Power production in each pebble is a critical incore metric as high power production in a zone of the core leads to hot spots, resulting in lower thermal margins for both fuel and coolant temperatures and increased thermal stress on structural materials and reflectors. Figure 17 and Fig. 18 illustrate the spatial distribution of power per pebble in the core at equilibrium. The radial and axial profiles show similar shapes to the thermal neutron flux, yielding a roughly constant peaking factor. At every pass, power decreases, in line with what was shown for burnup. On average, at the end of life, a pebble generates half of the power produced during the first pass (Table 5). The first four passes account for half of the total core power (202 MW), pass five to eight for 37% (145 MW), and the last two for 13% (53 MW).
The statistical distribution of pebble power for each pass (Fig. 19) shows three peaks representing distinct thermal flux regions, as seen above. It becomes closer to a uniform distribution due, once again, to the random radial reinsertion process.
Finally, it is observed that the peak power per pebble in the core is 3259 W, corresponding to 217 mW per TRISO particle. This information is particularly relevant to assess fuel performance. This work assumes a fixed uniform temperature distribution, but in the future, coupling with a thermalhydraulic model will be implemented to determine the implication of a detailed pebblebypebble power distribution.
Table 5
Pebble power statistics as a function of the number of passes
Pass number

1

2

3

4

5

6

7

8

9

10

Core

Average (W)

1204

1146

1059

970

889

817

753

698

650

618

886

Std (W)

493

475

440

403

369

338

311

288

267

253

366

Minimum (W)

165

131

121

123

106

100

88

83

74

74

74

Maximum (W)

3259

3064

2899

2666

2420

2250

2101

1915

1810

1684

3259

Range (W)

3094

2933

2778

2543

2313

2150

2013

1831

1736

1610

3185

Peaking factor

2.71

2.67

2.74

2.75

2.72

2.75

2.79

2.74

2.78

2.72

3.68

Core power fraction (%)

13.9%

13.2%

12.2%

11.2%

10.2%

9.4%

8.6%

8.0%

7.5%

5.7%

100.0%

4. Data for individual pebbles
A unique capability of HxF is the possibility to pinpoint the history of every single pebble providing further insights. As an example, data are presented for four pebbles to understand why they were discarded after four different numbers of passes. Their history in terms of burnup, power, and spatial position is shown in Fig. 20. The pebble discharged after eight passes travels mostly close to the inner reflector; therefore, it experiences larger flux/power and accumulates burnup more rapidly. At the opposite extreme, the pebble discharged after 11 travels further away from the reflector and, from pass five on, moves more and more into the lower power region. Notably, although pebbles discarded after 8 or 9 passes accumulated a burnup of about 92 MWd/kgHM, the other two reached about 101 MWd/kgHM, in line with an extra pass.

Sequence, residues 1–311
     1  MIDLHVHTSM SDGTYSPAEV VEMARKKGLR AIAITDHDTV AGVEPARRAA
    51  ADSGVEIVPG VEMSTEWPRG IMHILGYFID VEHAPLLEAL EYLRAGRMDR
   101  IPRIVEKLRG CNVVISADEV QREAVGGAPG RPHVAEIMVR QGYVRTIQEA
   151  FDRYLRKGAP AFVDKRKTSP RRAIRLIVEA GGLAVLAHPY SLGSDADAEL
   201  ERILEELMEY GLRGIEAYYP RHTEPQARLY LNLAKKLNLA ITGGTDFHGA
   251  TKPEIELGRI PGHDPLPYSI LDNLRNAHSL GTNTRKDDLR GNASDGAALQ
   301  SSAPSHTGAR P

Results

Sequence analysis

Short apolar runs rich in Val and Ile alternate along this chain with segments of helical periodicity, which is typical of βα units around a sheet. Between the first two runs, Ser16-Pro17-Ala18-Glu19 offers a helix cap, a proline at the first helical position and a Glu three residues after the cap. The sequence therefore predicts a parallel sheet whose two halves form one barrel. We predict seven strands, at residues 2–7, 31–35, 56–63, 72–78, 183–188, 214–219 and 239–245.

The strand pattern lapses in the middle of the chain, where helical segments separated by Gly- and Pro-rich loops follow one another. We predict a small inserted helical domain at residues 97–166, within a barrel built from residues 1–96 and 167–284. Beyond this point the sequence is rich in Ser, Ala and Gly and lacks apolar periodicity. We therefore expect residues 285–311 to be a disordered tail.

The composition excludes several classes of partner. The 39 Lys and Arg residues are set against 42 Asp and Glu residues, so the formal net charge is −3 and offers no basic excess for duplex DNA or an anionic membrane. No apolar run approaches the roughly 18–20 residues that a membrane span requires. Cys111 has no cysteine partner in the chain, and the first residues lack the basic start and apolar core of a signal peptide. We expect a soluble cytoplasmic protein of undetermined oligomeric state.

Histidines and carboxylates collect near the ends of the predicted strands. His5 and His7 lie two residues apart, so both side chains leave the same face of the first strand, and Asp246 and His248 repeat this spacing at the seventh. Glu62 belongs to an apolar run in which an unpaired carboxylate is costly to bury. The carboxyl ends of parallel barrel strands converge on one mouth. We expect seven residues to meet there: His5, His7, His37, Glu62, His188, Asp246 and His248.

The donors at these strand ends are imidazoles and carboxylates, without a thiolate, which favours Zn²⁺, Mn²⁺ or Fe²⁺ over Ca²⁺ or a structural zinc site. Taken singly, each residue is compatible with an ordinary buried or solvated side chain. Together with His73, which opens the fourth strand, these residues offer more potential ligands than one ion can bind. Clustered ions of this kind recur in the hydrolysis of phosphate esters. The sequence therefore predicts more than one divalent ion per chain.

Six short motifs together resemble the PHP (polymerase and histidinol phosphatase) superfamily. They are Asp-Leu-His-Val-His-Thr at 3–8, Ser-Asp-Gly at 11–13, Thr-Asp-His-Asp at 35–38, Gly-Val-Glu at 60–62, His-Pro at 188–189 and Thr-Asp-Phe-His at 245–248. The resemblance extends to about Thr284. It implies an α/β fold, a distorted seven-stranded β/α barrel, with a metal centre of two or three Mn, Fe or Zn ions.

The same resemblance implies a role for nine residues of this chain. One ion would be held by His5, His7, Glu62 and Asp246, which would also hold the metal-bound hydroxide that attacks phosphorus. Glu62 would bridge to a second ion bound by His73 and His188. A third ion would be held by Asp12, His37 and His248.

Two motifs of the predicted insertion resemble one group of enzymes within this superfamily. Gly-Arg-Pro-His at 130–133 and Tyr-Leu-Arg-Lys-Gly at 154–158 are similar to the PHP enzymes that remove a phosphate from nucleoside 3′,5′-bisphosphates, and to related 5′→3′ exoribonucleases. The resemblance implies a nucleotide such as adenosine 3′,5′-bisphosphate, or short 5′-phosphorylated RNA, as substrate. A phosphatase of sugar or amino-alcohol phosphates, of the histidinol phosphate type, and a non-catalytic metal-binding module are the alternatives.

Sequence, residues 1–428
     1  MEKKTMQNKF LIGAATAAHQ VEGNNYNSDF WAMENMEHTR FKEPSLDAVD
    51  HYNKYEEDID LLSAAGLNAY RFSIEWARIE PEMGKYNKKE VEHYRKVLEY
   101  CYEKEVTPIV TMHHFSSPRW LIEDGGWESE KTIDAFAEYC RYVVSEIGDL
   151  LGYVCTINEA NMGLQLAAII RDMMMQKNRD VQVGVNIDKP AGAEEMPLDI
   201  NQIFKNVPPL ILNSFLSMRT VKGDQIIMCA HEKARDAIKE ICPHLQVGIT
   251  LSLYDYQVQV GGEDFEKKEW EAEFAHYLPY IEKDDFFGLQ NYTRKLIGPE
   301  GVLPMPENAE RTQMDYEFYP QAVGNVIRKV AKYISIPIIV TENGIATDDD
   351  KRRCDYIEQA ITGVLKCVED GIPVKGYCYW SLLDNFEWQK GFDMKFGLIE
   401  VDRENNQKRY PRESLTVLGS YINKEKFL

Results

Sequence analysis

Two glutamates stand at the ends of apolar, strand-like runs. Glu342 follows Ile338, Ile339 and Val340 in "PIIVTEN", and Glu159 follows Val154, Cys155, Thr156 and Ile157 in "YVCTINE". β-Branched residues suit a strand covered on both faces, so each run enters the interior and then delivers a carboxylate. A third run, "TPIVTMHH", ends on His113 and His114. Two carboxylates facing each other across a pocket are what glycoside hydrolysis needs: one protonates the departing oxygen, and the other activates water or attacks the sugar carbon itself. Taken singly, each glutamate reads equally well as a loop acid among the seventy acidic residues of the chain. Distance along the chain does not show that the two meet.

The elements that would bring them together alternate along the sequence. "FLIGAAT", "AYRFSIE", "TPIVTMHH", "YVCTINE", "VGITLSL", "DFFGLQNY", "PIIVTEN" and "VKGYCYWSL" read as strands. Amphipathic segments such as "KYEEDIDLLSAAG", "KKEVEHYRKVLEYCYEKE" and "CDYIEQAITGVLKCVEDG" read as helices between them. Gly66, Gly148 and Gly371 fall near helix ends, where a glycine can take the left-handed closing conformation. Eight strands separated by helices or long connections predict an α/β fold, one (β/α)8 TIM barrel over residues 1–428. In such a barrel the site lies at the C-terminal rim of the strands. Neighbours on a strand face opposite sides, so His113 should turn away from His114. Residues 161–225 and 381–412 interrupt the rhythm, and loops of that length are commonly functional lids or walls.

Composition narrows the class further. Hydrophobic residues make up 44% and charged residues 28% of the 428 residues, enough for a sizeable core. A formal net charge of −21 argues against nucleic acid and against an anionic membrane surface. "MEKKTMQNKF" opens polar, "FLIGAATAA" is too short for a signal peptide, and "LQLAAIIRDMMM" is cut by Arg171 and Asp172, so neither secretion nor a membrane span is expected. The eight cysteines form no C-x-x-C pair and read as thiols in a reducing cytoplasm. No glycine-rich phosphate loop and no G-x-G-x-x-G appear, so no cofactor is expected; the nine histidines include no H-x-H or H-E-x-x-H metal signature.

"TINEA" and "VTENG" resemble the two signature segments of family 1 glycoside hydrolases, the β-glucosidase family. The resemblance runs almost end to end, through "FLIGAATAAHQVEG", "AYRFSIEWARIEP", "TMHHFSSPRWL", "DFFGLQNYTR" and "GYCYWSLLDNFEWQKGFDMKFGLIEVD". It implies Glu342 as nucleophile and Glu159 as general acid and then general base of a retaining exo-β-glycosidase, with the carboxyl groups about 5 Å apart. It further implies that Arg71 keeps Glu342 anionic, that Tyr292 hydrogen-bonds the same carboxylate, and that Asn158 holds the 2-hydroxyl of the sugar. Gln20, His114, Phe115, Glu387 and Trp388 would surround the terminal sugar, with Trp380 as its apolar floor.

C. Used fuel data
In addition to highfidelity incore data, HxF can be used to collect data on used fuel. First of all, some considerations can be made on the discharge burnup. As explained in the methodology, 137Cs concentration is used as a surrogate for burnup, and pebbles are discharged based on a set threshold. The linear relation between burnup and Cs is confirmed from the discharged pebbles data (Fig. 21). The set threshold of 2.2238x10− 4 mol/pebble corresponds, on average, to a burnup threshold of 92.5 +/ 0.15 MWd/kgHM (ranging from 92.0 to 93.3 MWd/kgHM).
The 137Cs threshold represents the minimum value a pebble must contain in order to be discarded when it is assessed for burnup. Most pebbles are discarded with larger concentrations/burnups, as the assessment occurs only after a full pass. Table 6 summarizes the pebble inventory and burnup information, separated by the number of passes after which the pebbles were discarded. It can be observed that the great majority of pebbles (99.96%) go through the core 9 and 10 times, the average number of passes is 9.8, and the average discarded burnup is 96.5 MWd/kgHM, which is 4% higher than the threshold (understanding this shift is important when determining the threshold value). An extremely low number of pebbles (0.03%) goes through the core for 11 passes and typically reach higher burnup levels or are discarded only after 8 and tend to reach lower burnups. In both extreme cases, the obtained burnup ranges are relatively narrow. The statistical distribution of burnup in used pebbles (Fig. 22) shows the threshold cut around 92.5 MWd/kgHM (with the uncertainty discussed above) and two peaks corresponding to discharge after nine or ten passes.
Table 6
Discarded pebbles inventory and burnup at equilibrium.
Pass number

8

9

10

11

Global

Fraction (%)

0.005%

19.55%

80.41%

0.03%

100%

Avg. discarded burnup (MWd/kgHM)

92.9

93.7

97.1

99.5

96.5

Std (MWd/kgHM)

0.5

1.0

1.4

0.9

1.9

Minimum burnup (MWd/kgHM)

92.3

92.2

92.6

97.7

92.2

Maximum burnup (MWd/kgHM)

94.9

100.7

102.7

102.3

102.7

Burnup range (MWd/kgHM)

2.6

8.5

10.1

4.6

10.5

Information about each individual nuclide can also be obtained. Figure 23 shows a few selected examples (the data are collected at discharge with no decay time). The concentration of 238U monotonically decreases with the number of passes as expected, whereas the fissile isotopes of Pu (239Pu and 241Pu), fission product 135Xe, and 235U exhibit more complex behaviors. This is due to the diversity of neutron spectra a pebble can experience during its lifetime, depending on the location and, thus, on the trajectories in the core. As previously shown, the pebbles discharged after eight passes are exceptional cases in which the pebbles are mainly located near the reflectors and experience a softer spectrum (Fig. 24). Similarly, a softer spectrum leads to a more efficient consumption of 235U and destruction of 135Xe.